"I, King Piyadassi, in the twelfth year after my anointing, have obtained true enlightenment," the august edict begins. It goes on to express the royal distress at the imperialistic conquest of the province, in Ashoka's youth, and assures his people of his desire to mitigate this fundamental injustice of his rule by a readiness to give audience to any one of them, high or low, at any hour of the day or night. In further enumerates certain of the departments of public works which have been established by the new government, such as those of wells, roads, trees, and medicine. And it notes the appointment of public censors, or guardians of morality.
In his reference to the obtaining of "true enlightenment" Ashoka records himself a non-monstic disciple of the great monastic order of the day. Nearly three hundred years have elapsed since the passing of the Blessed One, and in the history of the Begging Friars whom He inaugurated there has been heretofore no event like this, of the receiving of the imperial penitent into the lay-ranks served by them. Their task of nation-making is slowly but surely going forward nevertheless. In the light of the Gospel of Nirvana the Aryan Faith is steadily defining and consolidating itself. The Vedic gods have dropped out of common reference. The religious ideas of the Upanishads are being democratised by the very labours of the Begging Friars in spreading those of Buddha, and are coming to regarded popularly as a recognised body of doctrine characteristic of the Aryan folk. Vague racial superstitions about snakes and trees and sacred springs are tending more and more to be intellectually organised and regimented round the central figure of Brahma, the creator and ordainer of Brahmanic thinkers.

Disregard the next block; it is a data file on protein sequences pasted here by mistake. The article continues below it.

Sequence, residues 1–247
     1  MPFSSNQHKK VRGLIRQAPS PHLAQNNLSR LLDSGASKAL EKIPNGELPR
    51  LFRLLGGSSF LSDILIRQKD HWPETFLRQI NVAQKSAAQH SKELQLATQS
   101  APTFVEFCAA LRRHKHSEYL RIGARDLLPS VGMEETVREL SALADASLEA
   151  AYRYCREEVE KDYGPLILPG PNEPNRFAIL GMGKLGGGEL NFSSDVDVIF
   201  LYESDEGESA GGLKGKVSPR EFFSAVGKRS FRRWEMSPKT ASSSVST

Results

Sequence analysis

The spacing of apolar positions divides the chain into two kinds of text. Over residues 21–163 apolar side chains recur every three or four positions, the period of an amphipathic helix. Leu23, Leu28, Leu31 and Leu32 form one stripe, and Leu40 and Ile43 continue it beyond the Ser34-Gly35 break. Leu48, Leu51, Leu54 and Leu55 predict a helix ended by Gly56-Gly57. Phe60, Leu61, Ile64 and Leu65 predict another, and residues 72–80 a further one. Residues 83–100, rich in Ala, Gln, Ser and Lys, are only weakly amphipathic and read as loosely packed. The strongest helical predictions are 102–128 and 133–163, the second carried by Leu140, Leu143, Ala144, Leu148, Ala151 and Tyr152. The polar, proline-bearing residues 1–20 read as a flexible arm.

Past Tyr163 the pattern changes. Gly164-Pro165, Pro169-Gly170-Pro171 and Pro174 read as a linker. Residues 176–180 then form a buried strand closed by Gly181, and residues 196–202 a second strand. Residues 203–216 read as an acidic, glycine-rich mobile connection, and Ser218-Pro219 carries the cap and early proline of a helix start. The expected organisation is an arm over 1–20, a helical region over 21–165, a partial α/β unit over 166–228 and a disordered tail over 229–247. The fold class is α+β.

Thus the higher philosophical conceptions of the higher race are being asserted as the outstanding peaks and summits of the Hinduistic faith, and the current notions of the populace are finding their place gradually in the body of that faith, coming by degrees into organic continuity with the lofty abstractions of the Upanishads. In other words, the making of Hinduism has begun.
The whole is fermented and energised by the memory of the Great Life, ended only three centruies agone, of which the yellow-clad brethren are earnest and token. Had Buddha founded a chruch, recognising social rites, receiving the new-born, solemnising marriage, and giving benediction to the passing soul, his personal teachings would have formed to this hour a distinguishable half-antagonistic strain in the organ-music of Hinduism. But he founded only an order. And its only function was to preach the Gospel and give individual souls the message of Nirvana. For marriage and blessing, men must go to the Brahmins: the sons of Buddha could not be maintainers of the social polity, since in his eyes it had been the social nexus itself which had constituted that World, that Maya, from which it was the mission of the Truth to set men free.
...Sister Nivedita - .From Footfalls of Indian History contd
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